Concrete rebound forecast in CIS countries
By Helen Wright17 November 2010
Annual cement consumption in the Commonwealth of Independent States (CIS) countries will exceed the 100 million tonne mark over the next two years as government support and large projects fuel a rebound in the region, according to an analyst.
Information provider PMR forecasts a +6% year-on-year increase in cement consumption in the CIS region this year alone, rising to +13% increases in both 2011 and 2012, cumulating in projected cement consumption levels of 103.2 million tonnes in the latter year.
The report, Cement Market in CIS Countries - Development Forecasts for 2010-2013, calculates that by 2013, CIS cement consumption will have reached 113.4 million tonnes.
It is a bullish forecast after a difficult 2009 which saw a reduction of more than -20% in the consumption of cement in the region to 76.5 million tonnes.
"In anticipation of increases in demand in the future, cement producers have - often with government support - embarked upon numerous cement production capacity upgrade projects. By and large, the goal is to replace imports of cement with domestic production, and possibly increase export volumes at the same time," the report said.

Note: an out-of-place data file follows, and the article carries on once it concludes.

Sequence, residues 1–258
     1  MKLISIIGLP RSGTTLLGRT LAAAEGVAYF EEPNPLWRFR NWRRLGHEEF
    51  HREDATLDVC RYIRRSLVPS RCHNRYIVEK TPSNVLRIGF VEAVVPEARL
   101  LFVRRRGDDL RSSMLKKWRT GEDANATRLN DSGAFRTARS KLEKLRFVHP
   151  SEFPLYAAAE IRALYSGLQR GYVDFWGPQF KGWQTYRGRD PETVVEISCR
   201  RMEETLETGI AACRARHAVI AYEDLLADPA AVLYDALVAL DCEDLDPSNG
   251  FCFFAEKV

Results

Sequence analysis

They pointed to more strenuous efforts on the part of governments to support the construction industries in their countries and the numerous projects carried out as part of the preparation for events to be held in the region, including the 2014 Sochi Olympics and the 2012 European Football Championship.
"Per capita cement consumption in the CIS countries - with their immense infrastructure development and housing needs - should increase steadily and match the levels observed in the more developed countries. With a view to increases in demand in the future, local producers are boosting their cement production capacities," the report said.
Nevertheless, the balance between supply and demand is a fine one. PMR also warned that if the strategy of cement production capacity upgrades is embarked upon simultaneously in several countries, it could tip the scales in the other direction and lead to overcapacity in cement markets of the former Soviet Union